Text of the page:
On January 28, it was announced that a second officer who defended the Capitol, Metro Police Department Officer Jeffrey Smith, had also died by suicide in the wake of the attack.
Of course, the job wasn’t done once crowds were controlled and dispersed. Investigations into who breached the Capitol building, defaced items, absconded with materials and assaulted officers kicked into high gear immediately. Law enforcement professionals at all levels scoured hundreds of thousands of images and video files to identify individuals, some of who have known associations with the aforementioned groups or movements. The FBI posted digital wanted posters and civilian internet sleuths using crowdsourcing data shared discoveries. Within a week, more than 60 arrests were made. As of March 1, federal prosecutors had charged more than 300 people and arrested more than 280 in connection with the events of January 6.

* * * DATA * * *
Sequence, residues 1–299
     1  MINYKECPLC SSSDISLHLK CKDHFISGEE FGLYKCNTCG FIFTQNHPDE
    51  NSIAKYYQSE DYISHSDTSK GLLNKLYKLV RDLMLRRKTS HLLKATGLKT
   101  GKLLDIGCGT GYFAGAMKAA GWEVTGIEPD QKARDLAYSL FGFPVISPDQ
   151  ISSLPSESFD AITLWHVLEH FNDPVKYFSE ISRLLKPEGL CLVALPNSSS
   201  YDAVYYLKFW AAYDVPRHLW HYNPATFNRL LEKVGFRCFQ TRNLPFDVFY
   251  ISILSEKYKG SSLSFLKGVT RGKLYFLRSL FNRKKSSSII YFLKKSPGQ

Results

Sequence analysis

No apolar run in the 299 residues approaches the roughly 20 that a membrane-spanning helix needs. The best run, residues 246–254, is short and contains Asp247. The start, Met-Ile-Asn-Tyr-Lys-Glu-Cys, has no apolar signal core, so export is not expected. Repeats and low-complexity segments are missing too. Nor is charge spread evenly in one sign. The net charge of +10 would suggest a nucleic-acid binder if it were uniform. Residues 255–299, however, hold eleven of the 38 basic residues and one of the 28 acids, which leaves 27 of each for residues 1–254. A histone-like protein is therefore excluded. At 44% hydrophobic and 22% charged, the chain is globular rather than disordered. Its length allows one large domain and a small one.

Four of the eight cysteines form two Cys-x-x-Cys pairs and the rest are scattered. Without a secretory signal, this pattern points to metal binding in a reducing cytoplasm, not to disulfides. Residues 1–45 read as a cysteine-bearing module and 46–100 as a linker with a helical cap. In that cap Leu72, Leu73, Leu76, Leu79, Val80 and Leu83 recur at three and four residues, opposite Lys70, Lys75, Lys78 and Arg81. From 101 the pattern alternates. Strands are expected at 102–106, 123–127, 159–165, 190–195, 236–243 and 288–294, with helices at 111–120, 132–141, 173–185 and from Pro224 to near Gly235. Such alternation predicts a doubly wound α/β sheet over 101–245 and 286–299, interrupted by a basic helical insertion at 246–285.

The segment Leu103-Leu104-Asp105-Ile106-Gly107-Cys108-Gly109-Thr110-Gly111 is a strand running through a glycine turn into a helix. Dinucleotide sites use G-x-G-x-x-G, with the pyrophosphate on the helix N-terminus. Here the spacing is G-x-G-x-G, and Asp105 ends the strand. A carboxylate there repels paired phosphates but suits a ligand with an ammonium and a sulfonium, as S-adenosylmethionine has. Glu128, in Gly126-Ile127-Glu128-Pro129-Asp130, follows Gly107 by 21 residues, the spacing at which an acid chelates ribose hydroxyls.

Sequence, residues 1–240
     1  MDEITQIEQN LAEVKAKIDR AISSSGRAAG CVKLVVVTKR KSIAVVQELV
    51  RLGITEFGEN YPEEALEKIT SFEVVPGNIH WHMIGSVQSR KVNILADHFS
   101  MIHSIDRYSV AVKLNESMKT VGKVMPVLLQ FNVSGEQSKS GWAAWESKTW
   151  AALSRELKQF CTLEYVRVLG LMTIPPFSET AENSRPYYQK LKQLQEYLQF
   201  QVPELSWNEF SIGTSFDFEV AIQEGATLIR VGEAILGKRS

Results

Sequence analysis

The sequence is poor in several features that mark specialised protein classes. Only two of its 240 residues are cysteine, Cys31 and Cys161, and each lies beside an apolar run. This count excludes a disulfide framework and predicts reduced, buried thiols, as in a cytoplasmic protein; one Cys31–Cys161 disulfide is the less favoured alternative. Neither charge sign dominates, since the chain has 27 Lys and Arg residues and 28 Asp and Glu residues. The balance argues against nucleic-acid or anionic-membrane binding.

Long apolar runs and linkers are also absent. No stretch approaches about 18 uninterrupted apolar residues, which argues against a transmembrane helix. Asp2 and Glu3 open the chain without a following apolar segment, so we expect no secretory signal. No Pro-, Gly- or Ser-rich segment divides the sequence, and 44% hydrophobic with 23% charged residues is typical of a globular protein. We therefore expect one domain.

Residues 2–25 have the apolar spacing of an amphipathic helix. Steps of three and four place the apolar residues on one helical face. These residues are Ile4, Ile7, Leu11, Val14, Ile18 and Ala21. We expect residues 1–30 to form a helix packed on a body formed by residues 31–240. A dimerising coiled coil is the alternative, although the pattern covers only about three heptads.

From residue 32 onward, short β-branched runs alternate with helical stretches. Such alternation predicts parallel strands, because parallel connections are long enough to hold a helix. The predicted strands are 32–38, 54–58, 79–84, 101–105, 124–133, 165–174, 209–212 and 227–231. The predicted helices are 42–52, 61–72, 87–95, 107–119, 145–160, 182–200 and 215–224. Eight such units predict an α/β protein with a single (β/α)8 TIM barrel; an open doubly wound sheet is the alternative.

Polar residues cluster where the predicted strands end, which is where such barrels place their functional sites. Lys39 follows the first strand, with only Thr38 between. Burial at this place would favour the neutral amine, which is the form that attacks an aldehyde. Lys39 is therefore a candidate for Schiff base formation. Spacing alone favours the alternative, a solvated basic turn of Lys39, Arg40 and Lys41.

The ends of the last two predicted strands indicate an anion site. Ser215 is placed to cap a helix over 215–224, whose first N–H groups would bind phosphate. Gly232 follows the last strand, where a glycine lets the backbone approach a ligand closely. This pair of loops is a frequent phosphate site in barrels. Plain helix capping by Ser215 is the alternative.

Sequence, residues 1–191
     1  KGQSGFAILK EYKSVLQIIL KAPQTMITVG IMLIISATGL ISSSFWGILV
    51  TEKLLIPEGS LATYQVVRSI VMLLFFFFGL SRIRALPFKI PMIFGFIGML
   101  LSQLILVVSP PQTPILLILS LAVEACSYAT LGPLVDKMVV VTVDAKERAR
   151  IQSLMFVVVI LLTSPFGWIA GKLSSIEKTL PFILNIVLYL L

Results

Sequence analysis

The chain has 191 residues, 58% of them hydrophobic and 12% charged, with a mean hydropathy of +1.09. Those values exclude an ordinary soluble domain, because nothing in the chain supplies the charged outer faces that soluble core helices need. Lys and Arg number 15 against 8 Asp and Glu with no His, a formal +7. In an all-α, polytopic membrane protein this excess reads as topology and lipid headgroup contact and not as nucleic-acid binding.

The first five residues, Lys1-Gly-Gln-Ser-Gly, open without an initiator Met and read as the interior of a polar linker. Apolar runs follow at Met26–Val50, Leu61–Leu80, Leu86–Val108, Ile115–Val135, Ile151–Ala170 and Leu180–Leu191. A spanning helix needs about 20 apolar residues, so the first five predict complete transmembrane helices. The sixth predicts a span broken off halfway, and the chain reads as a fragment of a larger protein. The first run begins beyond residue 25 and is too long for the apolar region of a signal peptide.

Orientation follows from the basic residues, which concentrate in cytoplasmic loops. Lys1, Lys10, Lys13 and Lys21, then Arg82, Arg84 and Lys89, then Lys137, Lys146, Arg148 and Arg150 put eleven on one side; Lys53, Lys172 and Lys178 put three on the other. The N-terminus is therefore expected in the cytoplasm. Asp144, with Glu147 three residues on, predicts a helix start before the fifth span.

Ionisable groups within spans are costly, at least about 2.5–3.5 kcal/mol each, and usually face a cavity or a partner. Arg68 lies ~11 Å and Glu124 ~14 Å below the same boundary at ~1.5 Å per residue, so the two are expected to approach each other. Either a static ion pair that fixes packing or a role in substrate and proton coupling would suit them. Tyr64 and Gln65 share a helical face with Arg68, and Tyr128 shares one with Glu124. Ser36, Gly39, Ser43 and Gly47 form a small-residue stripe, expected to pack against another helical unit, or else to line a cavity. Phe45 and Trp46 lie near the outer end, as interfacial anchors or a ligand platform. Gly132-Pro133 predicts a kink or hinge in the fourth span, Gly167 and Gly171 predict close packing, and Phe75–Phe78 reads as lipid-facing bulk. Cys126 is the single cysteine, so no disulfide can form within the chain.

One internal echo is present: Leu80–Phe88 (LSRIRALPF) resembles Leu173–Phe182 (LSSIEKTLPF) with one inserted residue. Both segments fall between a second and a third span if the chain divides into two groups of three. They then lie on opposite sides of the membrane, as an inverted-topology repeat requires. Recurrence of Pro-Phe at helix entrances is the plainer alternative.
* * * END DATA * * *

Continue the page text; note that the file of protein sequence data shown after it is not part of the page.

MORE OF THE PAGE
However, several cops were identified as attending the protest. A lieutenant sheriff from Bexar County, Texas, is now under investigation after she posted pictures of breaking into the Capitol to her personal Facebook page. Officers in New York, Philadelphia and Seattle are under investigation by their departments for potential rules violations, and Acevedo accepted the resignation of a Houston P.D. officer who was in attendance.
“Anytime a member of law enforcement dies in the line of duty, it is a solemn reminder to us all that they run toward danger to maintain peace.”
Two members of the Rocky Mount, Virginia, police force face federal charges for their presence at the Capitol, memorialized by selfies.